(11) Ask me of things to come . . .—As it stands, the verse calls men to consult the Holy One of Israel, and not the oracles of the heathen, about the future, to leave His works to His own control, and this falls in with Isaiah 44:25-26. A slight alteration of the text gives a meaning much more coherent with the immediate context: Will ye question me concerning things to come, concerning my sons . . . will ye command me! This was what they were practically doing when they murmured against the providence of God.
(12) I have made . . .—The Creator is also the Ruler, supreme in history as in nature.
(13) I have raised him up in righteousness . . .—This was the answer to the murmurers. It would be seen by the results, the city rebuilt, the exiles restored to their home, that the conquests of Cyrus had been ordered by the loving righteousness of Jehovah; and he would do this, not through the greed and ambition of other conquerors, but because the spirit of the Lord stirred him (2 Chronicles 36:22).
(14) Thus saith the Lord . . .—A new section opens. In Isaiah 43:3, Egypt, Ethiopia, Seba, had been given to Cyrus, as a reward, or ransom, for the deliverance of Israel. Here the prophet goes a step farther, and contemplates them as coming, in the spirit of a voluntary surrender, as proselytes to the faith of Israel, in self-imposed bondage, offering to Israel, as one with God, the “supplication” which, elsewhere, is offered to Jehovah. The promise reminds us of Psalms 68:31; Psalms 72:10, and yet more of Isaiah 19:23; Isaiah 9:5-7. A partial fulfilment may have been found in the command given by Cyrus, that these and other nations should assist in the work of rebuilding the Temple (Ezra 1:4). Egypt and Ethiopia send the products of their labour. The Sabæans (sc. the people of Meroe), strong, but not wealthy, come freely to offer their own labour.
(15) Verily thou art a God that hidest thyself . . .—The words have been variously taken: (1) as continuing the wondering homage of the heathen; (2) as spoken by the prophet as he surveys the unsearchable ways of God. (Comp. Romans 11:33.) Through the long years of exile He had seemed to hide Himself, to be negligent of His people (Isaiah 8:17; Isaiah 54:8; Psalms 55:1) or unable to help them. Now it would be seen that He had all along been as the Strong one (El) working for their deliverance.
(17) World without end.—Literally, for the ages, or œons on œons in Psalms 77:5.
(18) He hath established it . . .—i.e., prepared it (see Deuteronomy 32:6; Genesis 42:16) for human habitation. It was not a tohu or chaos (Genesis 1:2; Isaiah 24:10), but the scene of human action. We note the grandeur of the prophet’s thoughts of creation.
(19) I have not spoken in secret.—The words are in marked contrast to the thought expressed in Isaiah 45:15. God had been all along revealing Himself, not like the oracles of the heathen, in the gloom of caves and darkened shrines (Isaiah 8:19; Isaiah 65:4; Isaiah 29:4), but in the broad daylight of history and in the law written on men’s hearts. He had bidden men seek Him not in chaos, but in a world of order, and to recognise His utterances by their righteousness.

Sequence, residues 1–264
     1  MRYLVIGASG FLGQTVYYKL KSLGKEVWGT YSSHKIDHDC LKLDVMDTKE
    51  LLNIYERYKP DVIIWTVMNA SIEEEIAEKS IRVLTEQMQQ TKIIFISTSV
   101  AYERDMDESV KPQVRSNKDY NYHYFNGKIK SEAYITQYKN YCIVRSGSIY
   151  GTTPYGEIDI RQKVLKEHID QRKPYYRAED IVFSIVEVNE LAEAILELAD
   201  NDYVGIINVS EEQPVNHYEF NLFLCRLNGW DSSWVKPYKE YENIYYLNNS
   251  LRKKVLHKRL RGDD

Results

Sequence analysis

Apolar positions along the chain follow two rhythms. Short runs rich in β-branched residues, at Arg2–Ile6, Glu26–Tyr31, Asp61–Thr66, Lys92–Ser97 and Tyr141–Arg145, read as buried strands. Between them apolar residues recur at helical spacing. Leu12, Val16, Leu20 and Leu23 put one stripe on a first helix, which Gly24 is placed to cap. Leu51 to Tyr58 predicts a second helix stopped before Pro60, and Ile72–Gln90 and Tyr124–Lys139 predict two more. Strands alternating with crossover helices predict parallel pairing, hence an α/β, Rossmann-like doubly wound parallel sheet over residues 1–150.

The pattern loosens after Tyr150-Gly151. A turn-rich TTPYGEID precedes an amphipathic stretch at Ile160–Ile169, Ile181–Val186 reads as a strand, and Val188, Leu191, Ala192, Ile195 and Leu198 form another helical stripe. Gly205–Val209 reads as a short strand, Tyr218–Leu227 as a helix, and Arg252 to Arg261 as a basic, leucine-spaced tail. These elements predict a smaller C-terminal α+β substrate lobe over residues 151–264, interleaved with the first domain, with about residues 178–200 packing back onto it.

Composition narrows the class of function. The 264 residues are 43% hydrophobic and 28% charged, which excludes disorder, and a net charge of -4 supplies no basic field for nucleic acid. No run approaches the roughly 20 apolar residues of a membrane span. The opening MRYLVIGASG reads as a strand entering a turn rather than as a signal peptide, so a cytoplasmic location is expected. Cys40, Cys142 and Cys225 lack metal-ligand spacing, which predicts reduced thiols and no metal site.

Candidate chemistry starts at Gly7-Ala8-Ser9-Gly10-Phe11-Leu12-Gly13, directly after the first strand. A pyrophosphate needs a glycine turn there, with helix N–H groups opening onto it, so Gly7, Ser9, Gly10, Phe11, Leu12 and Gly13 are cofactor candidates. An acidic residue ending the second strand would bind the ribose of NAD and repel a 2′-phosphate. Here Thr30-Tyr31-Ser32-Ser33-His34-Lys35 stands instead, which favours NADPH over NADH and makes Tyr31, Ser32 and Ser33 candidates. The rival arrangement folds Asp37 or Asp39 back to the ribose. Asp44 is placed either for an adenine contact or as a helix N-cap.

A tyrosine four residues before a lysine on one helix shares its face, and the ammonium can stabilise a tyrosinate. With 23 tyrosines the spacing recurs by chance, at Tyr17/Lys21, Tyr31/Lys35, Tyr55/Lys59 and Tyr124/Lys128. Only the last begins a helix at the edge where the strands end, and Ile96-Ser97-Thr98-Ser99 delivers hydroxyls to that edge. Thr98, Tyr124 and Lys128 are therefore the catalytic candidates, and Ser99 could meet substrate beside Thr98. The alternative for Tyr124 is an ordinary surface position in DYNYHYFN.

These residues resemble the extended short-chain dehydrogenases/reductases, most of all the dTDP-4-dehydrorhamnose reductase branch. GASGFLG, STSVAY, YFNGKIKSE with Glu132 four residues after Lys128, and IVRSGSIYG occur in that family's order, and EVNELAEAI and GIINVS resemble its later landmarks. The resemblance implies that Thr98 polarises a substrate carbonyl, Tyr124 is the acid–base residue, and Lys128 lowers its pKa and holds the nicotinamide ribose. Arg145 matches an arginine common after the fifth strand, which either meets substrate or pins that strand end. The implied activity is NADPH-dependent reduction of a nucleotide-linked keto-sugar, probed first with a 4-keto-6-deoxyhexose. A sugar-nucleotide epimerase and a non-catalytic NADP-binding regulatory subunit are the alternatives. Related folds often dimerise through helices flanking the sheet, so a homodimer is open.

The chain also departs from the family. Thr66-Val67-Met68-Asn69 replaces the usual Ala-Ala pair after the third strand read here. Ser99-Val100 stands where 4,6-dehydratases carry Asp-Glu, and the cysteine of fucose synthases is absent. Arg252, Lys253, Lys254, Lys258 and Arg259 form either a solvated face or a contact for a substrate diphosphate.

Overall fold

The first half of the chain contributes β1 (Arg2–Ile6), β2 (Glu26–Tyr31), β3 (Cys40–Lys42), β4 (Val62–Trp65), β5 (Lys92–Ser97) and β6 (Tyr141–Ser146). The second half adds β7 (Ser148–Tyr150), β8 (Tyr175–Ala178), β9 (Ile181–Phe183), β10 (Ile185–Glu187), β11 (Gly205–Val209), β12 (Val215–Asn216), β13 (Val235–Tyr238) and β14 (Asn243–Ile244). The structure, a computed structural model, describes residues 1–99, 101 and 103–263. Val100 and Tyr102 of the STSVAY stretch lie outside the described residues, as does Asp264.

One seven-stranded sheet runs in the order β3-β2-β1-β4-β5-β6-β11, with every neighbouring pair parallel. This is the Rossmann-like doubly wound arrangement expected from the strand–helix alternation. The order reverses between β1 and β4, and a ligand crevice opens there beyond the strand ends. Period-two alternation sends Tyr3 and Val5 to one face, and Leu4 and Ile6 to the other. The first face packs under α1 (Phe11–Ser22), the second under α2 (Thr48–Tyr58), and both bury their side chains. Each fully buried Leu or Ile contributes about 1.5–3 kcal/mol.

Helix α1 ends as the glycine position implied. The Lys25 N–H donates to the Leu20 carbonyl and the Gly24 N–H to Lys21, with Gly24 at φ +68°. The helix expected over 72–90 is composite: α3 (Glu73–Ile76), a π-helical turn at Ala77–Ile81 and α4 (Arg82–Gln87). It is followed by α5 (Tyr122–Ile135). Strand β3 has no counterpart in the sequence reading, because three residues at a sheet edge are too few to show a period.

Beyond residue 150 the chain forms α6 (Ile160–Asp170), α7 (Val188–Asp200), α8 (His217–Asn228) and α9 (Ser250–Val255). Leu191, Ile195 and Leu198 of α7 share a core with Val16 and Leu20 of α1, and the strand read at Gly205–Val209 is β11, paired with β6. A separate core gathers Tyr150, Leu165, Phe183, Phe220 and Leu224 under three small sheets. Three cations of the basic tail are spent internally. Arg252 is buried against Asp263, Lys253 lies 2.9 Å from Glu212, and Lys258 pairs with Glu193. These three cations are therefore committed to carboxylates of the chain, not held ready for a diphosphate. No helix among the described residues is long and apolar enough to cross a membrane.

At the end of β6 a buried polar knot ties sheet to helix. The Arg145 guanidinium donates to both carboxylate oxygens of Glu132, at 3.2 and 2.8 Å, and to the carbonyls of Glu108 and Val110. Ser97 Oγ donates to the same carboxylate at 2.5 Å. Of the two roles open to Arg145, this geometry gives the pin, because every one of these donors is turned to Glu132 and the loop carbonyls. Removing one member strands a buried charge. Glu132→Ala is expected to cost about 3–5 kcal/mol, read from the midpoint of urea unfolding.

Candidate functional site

(20) Ye that are escaped of the nations.—Primarily, the words point to the survivors of the conquests of Cyrus, who are contemplated as acknowledging the God of Israel. Ultimately the words find their fulfilment in the conversion of the heathen to the true anointed of Jehovah, of whom Cyrus was a type. They will bear witness from their experience to the vanity of idols. They will learn that it does not avail to set up (or carry) their idols in religious processions (Jeremiah 10:5; Amos 5:26; 1 Samuel 4:4).
(21) Tell ye, and bring them near.—Yet another challenge to the idols and their worshippers.
A just God and a Saviour.—Stress is laid on the union of the two attributes which in human actions are often thought incompatible. (Comp. Psalms 85:10.) In virtue of that union the invitation of Isaiah 45:22 is addressed to all the ends of the world. The offer of salvation is universal.
(23) I have sworn by myself.—The highest conceivable form of asseveration (Genesis 22:16; Jeremiah 22:5; Hebrews 6:13).
Unto me every knee shall bow.—The faith of Israel becomes the religion of mankind, though, from the prophet’s standpoint, Israel does not lose its distinctive nationality. We note the application of the words to the Christ in Philippians 2:10; Romans 14:11.
(24) Surely, shall one say.—The prophet hears that confession as uttered in the far-off time.
(25) In the Lord.—We note the germ of the New Testament thought of the mystic union of man with God, in the phrases “in the Lord,” “in the Holy Spirit,” “in Christ,” which embody that thought. Jehovah is the sphere, or region, in which men “live and move and have their being.” The seed of Israel, as interpreted by Isaiah 45:23, includes all who have joined themselves to the true Israel of God.
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Ellicott, Charles John. "Commentary on Isaiah 45". "Ellicott's Commentary for English Readers". https://www.studylight.org/
the Third Week after Epiphany